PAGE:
United Nations staff in remote southern Chad are rushing to relocate an estimated 10,000 refugees who fled unrest in the Central African Republic (CAR) over the past month, and are already showing signs of malnutrition, as the onset of the rainy season threatens to cut them off from all aid.
“Our Chadian partners say that by mid-July, wide areas will likely be cut off by flooding,” UN High Commissioner for Refugees (UNHCR) spokesman Ron Redmond told a news briefing in Geneva today. “So we will need to move fast.”
UNHCR is deploying 11 logisticians, field officers, protection officers and extra drivers to relocate the 10,000 refugees, many of whom fled with nothing and are now scattered among 17 villages near the Chadian town of Gore. One option being considered is to move them to Amboko camp near Gore, which already hosts some 13,000 CAR refugees, could hold up to 27,000 people and could provide health care services, water and sanitation facilities.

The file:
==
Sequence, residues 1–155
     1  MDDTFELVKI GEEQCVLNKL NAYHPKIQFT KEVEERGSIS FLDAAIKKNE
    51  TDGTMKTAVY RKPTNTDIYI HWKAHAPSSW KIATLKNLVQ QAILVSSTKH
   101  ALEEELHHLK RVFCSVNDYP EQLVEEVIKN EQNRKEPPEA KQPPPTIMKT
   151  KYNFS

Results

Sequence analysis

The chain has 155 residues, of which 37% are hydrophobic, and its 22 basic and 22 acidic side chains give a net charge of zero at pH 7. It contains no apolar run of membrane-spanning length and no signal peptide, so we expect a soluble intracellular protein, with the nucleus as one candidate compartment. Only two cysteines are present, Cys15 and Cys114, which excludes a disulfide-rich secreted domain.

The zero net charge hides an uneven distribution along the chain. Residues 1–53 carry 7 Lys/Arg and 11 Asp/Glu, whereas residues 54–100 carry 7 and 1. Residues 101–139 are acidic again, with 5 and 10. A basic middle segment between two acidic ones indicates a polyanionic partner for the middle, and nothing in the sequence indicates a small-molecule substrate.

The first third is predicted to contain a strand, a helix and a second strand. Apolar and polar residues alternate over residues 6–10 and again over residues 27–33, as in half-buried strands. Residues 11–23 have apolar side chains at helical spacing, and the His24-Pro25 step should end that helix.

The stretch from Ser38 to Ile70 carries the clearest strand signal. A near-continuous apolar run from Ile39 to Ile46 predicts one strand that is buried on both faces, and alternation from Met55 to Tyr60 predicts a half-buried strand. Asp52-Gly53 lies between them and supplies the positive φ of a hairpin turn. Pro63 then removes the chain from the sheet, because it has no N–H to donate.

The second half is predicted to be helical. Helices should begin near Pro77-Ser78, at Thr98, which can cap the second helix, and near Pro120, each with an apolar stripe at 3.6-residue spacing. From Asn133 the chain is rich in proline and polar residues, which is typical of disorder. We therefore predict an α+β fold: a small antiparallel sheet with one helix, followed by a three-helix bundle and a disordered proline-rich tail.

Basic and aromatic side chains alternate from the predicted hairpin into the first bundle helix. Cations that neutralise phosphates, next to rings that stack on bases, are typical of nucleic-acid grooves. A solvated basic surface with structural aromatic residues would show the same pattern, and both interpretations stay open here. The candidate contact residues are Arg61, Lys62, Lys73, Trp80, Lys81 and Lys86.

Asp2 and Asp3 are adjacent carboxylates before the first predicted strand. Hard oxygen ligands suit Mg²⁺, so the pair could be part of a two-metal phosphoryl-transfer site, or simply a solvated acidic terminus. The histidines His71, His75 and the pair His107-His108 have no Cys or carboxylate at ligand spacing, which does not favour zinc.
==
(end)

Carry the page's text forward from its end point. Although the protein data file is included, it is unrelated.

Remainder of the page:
Pending relocation, UNHCR has been distributing emergency plastic sheeting, blankets and high-protein biscuits provided by the UN Children’s Fund (UNICEF). Local villagers are also offering what help they can. The refugees have been living in flimsy, makeshift shelters built of leaves and sticks.
They brought no food with them, and many children and women are showing signs of malnourishment. They are eating whatever they can find in the bush – mainly roots, wild fruit and leaves. They are drinking local river water and there is no proper sanitation.
The latest refugees fled northern CAR during the first three weeks of June following an incident between Government forces and unidentified armed groups. Although no new attacks have been reported since 3 June, they say they have no intention – at this point at least – of returning anytime soon, citing fear of further violence.
There are already 30,000 CAR refugees in southern Chad. The majority of them arrived in 2003 after a military coup. Chad is also hosting more than 200,000 refugees from the Darfur region of Sudan who are currently housed in 12 camps in the eastern part of the country.